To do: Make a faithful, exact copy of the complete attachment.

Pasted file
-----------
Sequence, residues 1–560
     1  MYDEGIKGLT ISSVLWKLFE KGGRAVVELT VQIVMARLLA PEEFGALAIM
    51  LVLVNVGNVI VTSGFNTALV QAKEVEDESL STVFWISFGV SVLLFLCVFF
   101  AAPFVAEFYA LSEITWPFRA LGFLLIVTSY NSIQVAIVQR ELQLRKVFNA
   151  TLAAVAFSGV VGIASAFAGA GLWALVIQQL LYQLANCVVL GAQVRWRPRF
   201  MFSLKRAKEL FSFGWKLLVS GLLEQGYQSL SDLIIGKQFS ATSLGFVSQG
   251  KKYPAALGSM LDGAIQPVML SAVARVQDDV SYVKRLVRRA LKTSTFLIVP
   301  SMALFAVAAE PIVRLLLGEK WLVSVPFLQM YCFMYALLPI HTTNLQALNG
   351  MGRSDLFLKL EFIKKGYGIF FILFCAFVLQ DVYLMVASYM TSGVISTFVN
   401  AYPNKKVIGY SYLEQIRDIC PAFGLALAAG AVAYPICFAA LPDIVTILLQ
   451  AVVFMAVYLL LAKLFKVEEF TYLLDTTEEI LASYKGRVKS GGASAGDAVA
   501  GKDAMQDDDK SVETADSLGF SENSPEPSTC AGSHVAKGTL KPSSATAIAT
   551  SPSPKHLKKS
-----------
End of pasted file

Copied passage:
Sequence, residues 1–560
     1  MYDEGIKGLT ISSVLWKLFE KGGRAVVELT VQIVMARLLA PEEFGALAIM
    51  LVLVNVGNVI VTSGFNTALV QAKEVEDESL STVFWISFGV SVLLFLCVFF
   101  AAPFVAEFYA LSEITWPFRA LGFLLIVTSY NSIQVAIVQR ELQLRKVFNA
   151  TLAAVAFSGV VGIASAFAGA GLWALVIQQL LYQLANCVVL GAQVRWRPRF
   201  MFSLKRAKEL FSFGWKLLVS GLLEQGYQSL SDLIIGKQFS ATSLGFVSQG
   251  KKYPAALGSM LDGAIQPVML SAVARVQDDV SYVKRLVRRA LKTSTFLIVP
   301  SMALFAVAAE PIVRLLLGEK WLVSVPFLQM YCFMYALLPI HTTNLQALNG
   351  MGRSDLFLKL EFIKKGYGIF FILFCAFVLQ DVYLMVASYM TSGVISTFVN
   401  AYPNKKVIGY SYLEQIRDIC PAFGLALAAG AVAYPICFAA LPDIVTILLQ
   451  AVVFMAVYLL LAKLFKVEEF TYLLDTTEEI LASYKGRVKS GGASAGDAVA
   501  GKDAMQDDDK SVETADSLGF SENSPEPSTC AGSHVAKGTL KPSSATAIAT
   551  SPSPKHLKKS